Portfolio Management

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What is 'Portfolio Management'

Portfolio management is the art and science of making decisions about investment mix and policy, matching investments to objectives, asset allocation for individuals and institutions, and balancing risk against performance. Portfolio management is all about determining strengths, weaknesses, opportunities and threats in the choice of debt vs. equity, domestic vs. international, growth vs. safety, and many other trade-offs encountered in the attempt to maximize return at a given appetite for risk.

BREAKING DOWN 'Portfolio Management'

In the case of mutual and exchange-traded funds (ETFs), there are two forms of portfolio management: passive and active. Passive management simply tracks a market index, commonly referred to as indexing or index investing. Active management involves a single manager, co-managers or a team of managers who attempt to beat the market return by actively managing a fund's portfolio through investment decisions based on research and decisions on individual holdings. Closed-end funds are generally actively managed.

The Key Elements of Portfolio Management

Asset Allocation: The key to effective portfolio management is the long-term mix of assets. Asset allocation is based on the understanding that different types of assets do not move in concert, and some are more volatile than others. Asset allocation seeks to optimize the risk/return profile of an investor by investing in a mix of assets that have low correlation to each other. Investors with a more aggressive profile can weight their portfolio toward more volatile investments. Investors with a more conservative profile can weight their portfolio toward more stable investments.

Diversification: The only certainty in investing is it is impossible to consistently predict the winners and losers, so the prudent approach is to create a basket of investments that provide broad exposure within an asset class. Diversification is the spreading of risk and reward within an asset class. Because it is difficult to know which particular subset of an asset class or sector is likely to outperform another, diversification seeks to capture the returns of all of the sectors over time but with less volatility at any one time. Proper diversification takes place across different classes of securities, sectors of the economy and geographical regions.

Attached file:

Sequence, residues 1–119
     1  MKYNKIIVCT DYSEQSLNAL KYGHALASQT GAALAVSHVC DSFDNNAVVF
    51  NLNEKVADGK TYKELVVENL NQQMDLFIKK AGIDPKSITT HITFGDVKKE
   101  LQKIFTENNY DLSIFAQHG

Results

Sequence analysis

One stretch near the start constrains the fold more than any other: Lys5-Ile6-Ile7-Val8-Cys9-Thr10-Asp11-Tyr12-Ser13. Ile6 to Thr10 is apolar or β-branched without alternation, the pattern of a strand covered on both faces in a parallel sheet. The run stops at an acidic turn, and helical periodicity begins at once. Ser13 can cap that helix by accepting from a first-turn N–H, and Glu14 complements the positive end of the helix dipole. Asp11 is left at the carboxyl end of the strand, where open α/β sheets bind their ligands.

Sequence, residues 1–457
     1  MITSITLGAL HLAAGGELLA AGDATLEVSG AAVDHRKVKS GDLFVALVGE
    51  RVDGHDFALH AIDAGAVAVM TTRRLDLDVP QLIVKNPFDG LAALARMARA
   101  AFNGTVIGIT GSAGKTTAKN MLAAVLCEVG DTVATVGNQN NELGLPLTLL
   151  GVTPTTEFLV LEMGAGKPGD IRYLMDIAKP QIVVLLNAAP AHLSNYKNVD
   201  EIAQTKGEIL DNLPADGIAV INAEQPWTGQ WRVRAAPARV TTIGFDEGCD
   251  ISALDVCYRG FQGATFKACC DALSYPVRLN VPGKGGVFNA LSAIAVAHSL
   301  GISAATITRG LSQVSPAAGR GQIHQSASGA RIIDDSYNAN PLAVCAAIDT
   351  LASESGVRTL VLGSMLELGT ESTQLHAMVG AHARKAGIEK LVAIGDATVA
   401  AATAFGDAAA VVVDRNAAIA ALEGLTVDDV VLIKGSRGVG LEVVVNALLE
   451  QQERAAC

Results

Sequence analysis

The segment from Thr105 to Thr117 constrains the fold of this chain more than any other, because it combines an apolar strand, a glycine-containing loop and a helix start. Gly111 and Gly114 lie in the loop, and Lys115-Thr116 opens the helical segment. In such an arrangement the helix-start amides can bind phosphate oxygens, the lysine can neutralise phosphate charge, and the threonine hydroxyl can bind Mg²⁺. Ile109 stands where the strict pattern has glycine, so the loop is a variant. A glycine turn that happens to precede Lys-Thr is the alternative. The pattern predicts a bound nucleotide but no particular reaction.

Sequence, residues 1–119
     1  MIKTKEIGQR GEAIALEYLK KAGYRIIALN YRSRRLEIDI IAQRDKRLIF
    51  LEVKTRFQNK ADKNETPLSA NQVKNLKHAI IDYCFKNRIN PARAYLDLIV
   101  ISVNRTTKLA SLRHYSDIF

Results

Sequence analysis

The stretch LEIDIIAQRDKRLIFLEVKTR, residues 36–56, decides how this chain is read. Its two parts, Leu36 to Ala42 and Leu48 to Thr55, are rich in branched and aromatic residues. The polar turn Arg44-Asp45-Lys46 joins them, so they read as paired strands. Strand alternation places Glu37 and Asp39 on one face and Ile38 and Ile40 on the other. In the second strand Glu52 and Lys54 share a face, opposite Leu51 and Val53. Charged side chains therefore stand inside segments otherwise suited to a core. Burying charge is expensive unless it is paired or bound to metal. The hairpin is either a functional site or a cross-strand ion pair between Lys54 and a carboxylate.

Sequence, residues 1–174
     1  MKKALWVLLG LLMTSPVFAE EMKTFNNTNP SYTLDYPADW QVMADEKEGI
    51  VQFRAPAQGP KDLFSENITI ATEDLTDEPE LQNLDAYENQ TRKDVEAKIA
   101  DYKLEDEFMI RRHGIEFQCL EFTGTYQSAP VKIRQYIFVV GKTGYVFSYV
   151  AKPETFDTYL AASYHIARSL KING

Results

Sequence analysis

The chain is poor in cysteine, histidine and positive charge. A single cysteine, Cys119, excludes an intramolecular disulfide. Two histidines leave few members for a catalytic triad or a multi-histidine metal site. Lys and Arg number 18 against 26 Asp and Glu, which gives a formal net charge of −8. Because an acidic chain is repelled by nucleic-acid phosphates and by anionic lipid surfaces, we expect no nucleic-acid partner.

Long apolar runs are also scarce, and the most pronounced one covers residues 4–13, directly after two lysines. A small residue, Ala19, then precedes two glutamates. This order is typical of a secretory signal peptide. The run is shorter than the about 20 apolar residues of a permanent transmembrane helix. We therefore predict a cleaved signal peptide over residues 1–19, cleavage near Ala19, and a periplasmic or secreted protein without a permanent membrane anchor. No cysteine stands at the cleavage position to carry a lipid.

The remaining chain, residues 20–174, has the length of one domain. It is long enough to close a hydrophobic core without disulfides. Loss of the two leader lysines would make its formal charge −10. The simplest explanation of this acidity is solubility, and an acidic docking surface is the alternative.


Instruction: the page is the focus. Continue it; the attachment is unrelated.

Rebalancing: This is a method used to return a portfolio to its original target allocation at annual intervals. It is important for retaining the asset mix that best reflects an investor’s risk/return profile. Otherwise, the movements of the markets could expose the portfolio to greater risk or reduced return opportunities. For example, a portfolio that starts out with a 70% equity and 30% fixed-income allocation could, through an extended market rally, shift to an 80/20 allocation that exposes the portfolio to more risk than the investor can tolerate. Rebalancing almost always entails the sale of high-priced/low-value securities and the redeployment of the proceeds into low-priced/high-value or out-of-favor securities. The annual iteration of rebalancing enables investors to capture gains and expand the opportunity for growth in high potential sectors while keeping the portfolio aligned with the investor’s risk/return profile.

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